Exempt; 7.33 Hours/Day; 220 Days/Year; 11 Months/YearMinimum Qualifications
Nature of Position
- Master's degree with a minimum of 60 graduate hours from a regionally accredited or American Psychological Association approved school psychology training program, including a one year supervised internship. Nationally certified psychologists meet these requirements.
- Tuberculin skin test certifying that the individual is free of contagious tuberculosis.
- Eligible for, or in possession of, licensure by the Virginia State Board of Education.
- Knowledgeable of the organization, objectives, and methods of the schools.
- Ability to provide therapeutic intervention and prevention services for children with learning and behavioral difficulties using a variety of methods.
- Thorough knowledge of the theory, principles, practices, and methods used in the fields of psychology and education.
- Ability to assess and intervene with varied psychological and educational problems.
- Ability to work effectively with various levels of instructional and administrative personnel and with parents.
- Ability to effectively organize and present information, both orally and in writing.
- Ability to intervene in crisis situations.
- Ability to plan and conduct research and to communicate the results to the appropriate personnel. Also has the ability to transfer research into school practice.
- Consultation : School psychologists consult and collaborate with parents, school and outside personnel regarding mental health, behavioral, and educational concerns. School psychologists design and implement procedures for preventing disorders, promoting mental health and learning, and improving educational systems. They provide in-service and other skill enhancement activities to school personnel, parents, and others in the community regarding issues of human learning, development, and behavior. School psychologists develop collaborative relationships with their clients and involve them in the assessment, intervention, and program evaluation procedures.
- Assessment : School psychologists conduct multi-factored psychological and psycho-educational assessments of children and youth as appropriate. Psychological and psycho-educational assessments include consideration as appropriate of the areas of personal-social adjustments, intelligence-scholastic aptitude, adaptive behavior, language and communication skills, academic achievement, sensory and perceptual-motor functioning, environmental-cultural influences, and vocational development, aptitude and interests. School psychologists use formal instruments, procedures, and techniques. Interviews, observations, and behavioral evaluations are included in these procedures. They have explicit regard for the context and setting in which their assessments take place and will be used and utilize assessments and interventions that are non-biased.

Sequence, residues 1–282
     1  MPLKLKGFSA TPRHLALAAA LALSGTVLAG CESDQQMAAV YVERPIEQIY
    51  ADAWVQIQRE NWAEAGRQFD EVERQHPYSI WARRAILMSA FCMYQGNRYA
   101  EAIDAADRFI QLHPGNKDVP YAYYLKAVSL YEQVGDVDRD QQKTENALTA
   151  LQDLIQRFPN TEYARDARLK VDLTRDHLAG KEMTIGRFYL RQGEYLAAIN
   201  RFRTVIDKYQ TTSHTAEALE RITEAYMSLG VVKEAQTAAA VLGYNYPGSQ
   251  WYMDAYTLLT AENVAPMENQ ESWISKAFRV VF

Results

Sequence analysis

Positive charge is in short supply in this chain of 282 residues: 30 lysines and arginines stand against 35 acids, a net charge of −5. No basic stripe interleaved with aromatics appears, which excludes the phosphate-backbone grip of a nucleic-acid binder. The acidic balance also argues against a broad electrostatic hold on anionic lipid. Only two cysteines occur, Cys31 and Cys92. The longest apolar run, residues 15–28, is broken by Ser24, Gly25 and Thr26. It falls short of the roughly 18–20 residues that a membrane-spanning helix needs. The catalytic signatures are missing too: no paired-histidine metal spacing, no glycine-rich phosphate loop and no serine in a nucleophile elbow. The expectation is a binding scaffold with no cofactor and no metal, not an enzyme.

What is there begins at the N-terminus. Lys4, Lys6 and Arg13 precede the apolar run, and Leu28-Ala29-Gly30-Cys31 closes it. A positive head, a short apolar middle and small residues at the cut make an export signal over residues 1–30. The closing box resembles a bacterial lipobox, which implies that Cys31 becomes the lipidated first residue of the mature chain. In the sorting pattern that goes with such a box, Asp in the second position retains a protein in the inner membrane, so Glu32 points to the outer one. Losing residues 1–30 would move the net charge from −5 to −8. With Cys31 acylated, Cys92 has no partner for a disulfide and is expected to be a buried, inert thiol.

- Intervention : School psychologists provide direct and indirect interventions to facilitate the functioning of individuals, groups, and/or organizations. They design programs to enhance cognitive, affective, social, and vocational development. School psychologists facilitate the delivery of services by assisting those who play major roles in the educational system (i.e., parents, school personnel, community agencies). Such interventions consist of but are not limited to: in-service training, organization development, parent counseling, program planning and evaluation, vocational development, and parent education programs.
- Supervision : School psychologists provide and/or engage in supervision and continuing professional development. School psychologists are supervised and evaluated by the Senior Coordinator of Student Support Services.
- Research: School psychologists design, conduct, report, and utilize research of a psychological and educational nature .
- Program Planning and Evaluation : School psychologists provide program planning and evaluation services to assist in decision-making activities. They serve on committees responsible for developing and planning educational and educationally-related activities.
- Besides exposure to normal, everyday risks, there is a risk of bodily harm and verbal abuse from working with parents and with students who have emotional and/or behavioral disabilities.
- Work is performed in a school environment and is subject to deadlines and frequent interruptions, often of a crisis nature.
Job Category: Student Services > Psychologist Contact Information
- Amanda Schilling
- 800 E. City Hall Ave
- Norfolk, Virginia 23510